World stocks head for weekly loss; oil slumps

By Wanfeng Zhou

NEW YORK (Reuters) – Major stock markets headed for their fifth weekly loss in six weeks Friday on growing worries about the global economy, while U.S. crude oil prices tumbled $3 after Saudi Arabia began offering more oil to Asian refiners.

The euro fell against the dollar and yen as worries over Greece’s debt crisis returned to center stage and investors scaled back expectations of the pace of future interest rate hikes in the euro zone.

Fears the global economic recovery is stumbling grew after data showed China’s export growth slowed in May. That followed a barrage of reports in recent weeks showing the U.S. economy has hit a soft patch, which has rattled investors.

“We have had a slow erosion of economic numbers in the past quarter,” said Brian Battle, vice president of trading at Performance Trust Capital Partners in Chicago. “The economic numbers aren’t supporting this level of valuation.”

U.S. stocks opened sharply lower, while Treasury prices rose as investors turned to lower-risk government debt.

The Dow Jones industrial average was down 115.99 points, or 0.96 percent, at 12,008.37. The Standard & Poor’s 500 Index was down 11.71 points, or 0.91 percent, at 1,277.29. The Nasdaq Composite Index was down 20.06 points, or 0.75 percent, at 2,664.81.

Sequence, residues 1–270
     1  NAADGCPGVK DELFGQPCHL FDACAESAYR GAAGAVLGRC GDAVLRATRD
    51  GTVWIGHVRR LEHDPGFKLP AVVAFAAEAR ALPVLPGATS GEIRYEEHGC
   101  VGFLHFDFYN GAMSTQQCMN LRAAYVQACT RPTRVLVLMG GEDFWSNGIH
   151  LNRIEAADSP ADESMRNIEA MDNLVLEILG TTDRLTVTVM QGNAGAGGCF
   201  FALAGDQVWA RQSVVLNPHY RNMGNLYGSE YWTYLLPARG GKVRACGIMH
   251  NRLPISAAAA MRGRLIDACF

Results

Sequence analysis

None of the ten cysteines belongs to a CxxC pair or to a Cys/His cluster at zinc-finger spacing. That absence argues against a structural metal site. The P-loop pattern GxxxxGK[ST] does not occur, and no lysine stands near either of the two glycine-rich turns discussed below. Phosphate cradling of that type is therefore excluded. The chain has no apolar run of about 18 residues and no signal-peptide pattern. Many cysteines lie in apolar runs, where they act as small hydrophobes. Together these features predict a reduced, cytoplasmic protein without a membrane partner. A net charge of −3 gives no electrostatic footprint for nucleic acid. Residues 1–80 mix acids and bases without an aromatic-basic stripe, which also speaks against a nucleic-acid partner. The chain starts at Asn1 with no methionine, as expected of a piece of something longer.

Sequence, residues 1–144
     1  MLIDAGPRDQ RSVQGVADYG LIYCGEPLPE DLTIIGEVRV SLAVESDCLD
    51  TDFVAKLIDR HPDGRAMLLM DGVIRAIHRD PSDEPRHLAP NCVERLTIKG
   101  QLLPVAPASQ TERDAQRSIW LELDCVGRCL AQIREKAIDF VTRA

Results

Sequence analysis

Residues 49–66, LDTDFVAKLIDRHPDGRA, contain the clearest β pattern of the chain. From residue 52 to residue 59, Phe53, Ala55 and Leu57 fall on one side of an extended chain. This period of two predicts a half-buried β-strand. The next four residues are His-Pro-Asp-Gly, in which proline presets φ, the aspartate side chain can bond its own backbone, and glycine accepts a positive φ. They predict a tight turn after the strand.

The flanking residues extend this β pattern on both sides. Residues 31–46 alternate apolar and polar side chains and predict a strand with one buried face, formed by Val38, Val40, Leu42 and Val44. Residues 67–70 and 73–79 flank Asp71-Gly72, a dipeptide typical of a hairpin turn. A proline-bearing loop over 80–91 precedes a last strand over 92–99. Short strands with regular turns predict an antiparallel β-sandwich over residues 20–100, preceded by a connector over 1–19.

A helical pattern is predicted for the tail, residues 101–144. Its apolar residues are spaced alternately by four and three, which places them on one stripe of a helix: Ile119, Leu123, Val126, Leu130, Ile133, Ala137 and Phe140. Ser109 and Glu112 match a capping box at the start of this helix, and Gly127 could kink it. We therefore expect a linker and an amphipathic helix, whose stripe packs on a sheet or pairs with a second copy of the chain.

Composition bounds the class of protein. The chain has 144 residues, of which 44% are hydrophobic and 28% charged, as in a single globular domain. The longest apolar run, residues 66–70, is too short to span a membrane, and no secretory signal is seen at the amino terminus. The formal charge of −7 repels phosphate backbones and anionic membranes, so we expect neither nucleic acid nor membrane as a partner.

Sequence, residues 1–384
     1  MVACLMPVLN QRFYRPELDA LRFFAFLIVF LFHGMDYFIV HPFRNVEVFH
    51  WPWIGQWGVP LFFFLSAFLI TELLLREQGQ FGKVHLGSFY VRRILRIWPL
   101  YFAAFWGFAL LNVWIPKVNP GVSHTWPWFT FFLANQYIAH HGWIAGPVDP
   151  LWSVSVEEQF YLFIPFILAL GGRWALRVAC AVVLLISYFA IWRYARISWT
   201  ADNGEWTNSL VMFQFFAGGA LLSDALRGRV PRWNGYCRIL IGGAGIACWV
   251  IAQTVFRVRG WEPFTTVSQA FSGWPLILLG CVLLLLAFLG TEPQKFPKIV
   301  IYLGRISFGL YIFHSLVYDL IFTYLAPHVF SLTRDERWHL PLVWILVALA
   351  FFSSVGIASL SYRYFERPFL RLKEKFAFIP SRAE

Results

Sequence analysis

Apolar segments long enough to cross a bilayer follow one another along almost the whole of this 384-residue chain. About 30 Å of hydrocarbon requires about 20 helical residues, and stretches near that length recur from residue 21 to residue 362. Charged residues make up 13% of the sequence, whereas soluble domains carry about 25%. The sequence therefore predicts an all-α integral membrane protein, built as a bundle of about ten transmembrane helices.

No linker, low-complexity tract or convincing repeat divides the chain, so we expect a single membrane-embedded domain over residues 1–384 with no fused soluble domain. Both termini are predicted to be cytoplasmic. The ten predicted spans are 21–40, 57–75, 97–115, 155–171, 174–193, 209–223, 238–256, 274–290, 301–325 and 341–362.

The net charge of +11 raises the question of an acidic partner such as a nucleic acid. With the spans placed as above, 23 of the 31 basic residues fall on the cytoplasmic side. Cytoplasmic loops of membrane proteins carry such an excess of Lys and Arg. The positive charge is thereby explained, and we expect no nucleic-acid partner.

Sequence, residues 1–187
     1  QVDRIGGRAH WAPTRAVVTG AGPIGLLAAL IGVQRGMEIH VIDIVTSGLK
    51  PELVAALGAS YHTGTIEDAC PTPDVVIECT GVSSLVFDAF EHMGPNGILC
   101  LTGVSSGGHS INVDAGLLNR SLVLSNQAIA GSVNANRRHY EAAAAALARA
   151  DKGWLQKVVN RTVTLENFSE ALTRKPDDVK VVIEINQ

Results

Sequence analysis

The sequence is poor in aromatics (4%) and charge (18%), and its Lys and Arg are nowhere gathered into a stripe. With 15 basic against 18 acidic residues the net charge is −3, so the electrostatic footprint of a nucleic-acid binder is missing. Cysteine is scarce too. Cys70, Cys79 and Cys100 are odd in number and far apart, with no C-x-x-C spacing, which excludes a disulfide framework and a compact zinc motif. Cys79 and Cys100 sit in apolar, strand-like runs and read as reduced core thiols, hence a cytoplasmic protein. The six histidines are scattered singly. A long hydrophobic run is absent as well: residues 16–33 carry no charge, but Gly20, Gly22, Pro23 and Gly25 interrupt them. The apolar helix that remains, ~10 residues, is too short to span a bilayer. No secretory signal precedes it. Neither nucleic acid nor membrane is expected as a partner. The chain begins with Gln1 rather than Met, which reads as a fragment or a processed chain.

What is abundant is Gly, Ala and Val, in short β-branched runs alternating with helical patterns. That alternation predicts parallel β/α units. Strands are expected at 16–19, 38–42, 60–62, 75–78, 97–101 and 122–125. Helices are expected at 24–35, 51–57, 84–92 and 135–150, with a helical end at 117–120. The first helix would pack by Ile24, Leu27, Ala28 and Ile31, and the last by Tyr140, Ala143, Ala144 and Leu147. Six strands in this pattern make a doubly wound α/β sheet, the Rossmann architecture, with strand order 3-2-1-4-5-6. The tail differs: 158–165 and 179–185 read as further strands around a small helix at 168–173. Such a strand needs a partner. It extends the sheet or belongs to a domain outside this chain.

World stocks as measured by the MSCI world equity index fell 1 percent, on track for a decline of 1.5 percent this week. The index has lost more than 6 percent over the past six weeks and is only up 1.2 percent so far this year.

The FTSEurofirst 300 stock index was down 1.1 percent at 1092.03 points. Earlier Japan’s Nikkei closed up half a percent.

U.S. crude oil fell $2.65 a barrel to $99.27. Brent crude was down $1.24 at $118.33 a barrel, having risen to $120.07 earlier, the highest since May 5.

Top oil exporter Saudi Arabia is offering more crude to Asian refiners in July, industry sources with direct knowledge of negotiations said Friday. It was the first evidence the kingdom is taking steps to raise supplies unilaterally after OPEC earlier this week failed to agree on an increase in the cartel’s production targets.

 

GREEK DEBT

The euro fell 0.7 percent to $1.4404 and was down 0.9 percent to 115.46 yen , hurt by the lack of unity among euro zone officials on a resolution of Greece’s debt troubles.

The European Central Bank kept its 2012 inflation forecast unchanged Thursday after leaving rates at 1.25 percent, suggesting the pace of euro zone interest rate hikes may be slower than previously thought.

Investors received mixed messages about the progress of debt assistance to Greece. Germany stuck to its demand that private investors contribute to a second bailout even after renewed ECB opposition to any investor participation that might be deemed involuntary.

“The image of European policymakers and the ECB standing toe to toe on this particular issue is something investors find deeply unsettling,” said Michael Derks, chief strategist at FXPro.

Core euro zone debt was generally a bit stronger, but there was more pressure on the periphery as the premium investors demand to hold Spanish and other lower-rated government bonds rather than benchmark German Bunds rose.

Five-year credit default swaps on Greek government debt rose 25 basis points to 1,545 basis points, according to data monitor Markit. That means it costs 1.545 million euros to protect 10 million euros of exposure to Greek bonds.

Benchmark U.S. 10-year Treasury notes were trading 10/32 higher in price to yield 2.96 percent, down from 3.00 percent late Thursday. (Additional reporting by Edward Krudy and Chris Reese in New York, and Atul Prakash and Jeremy Gaunt in London; editing by Dan Grebler)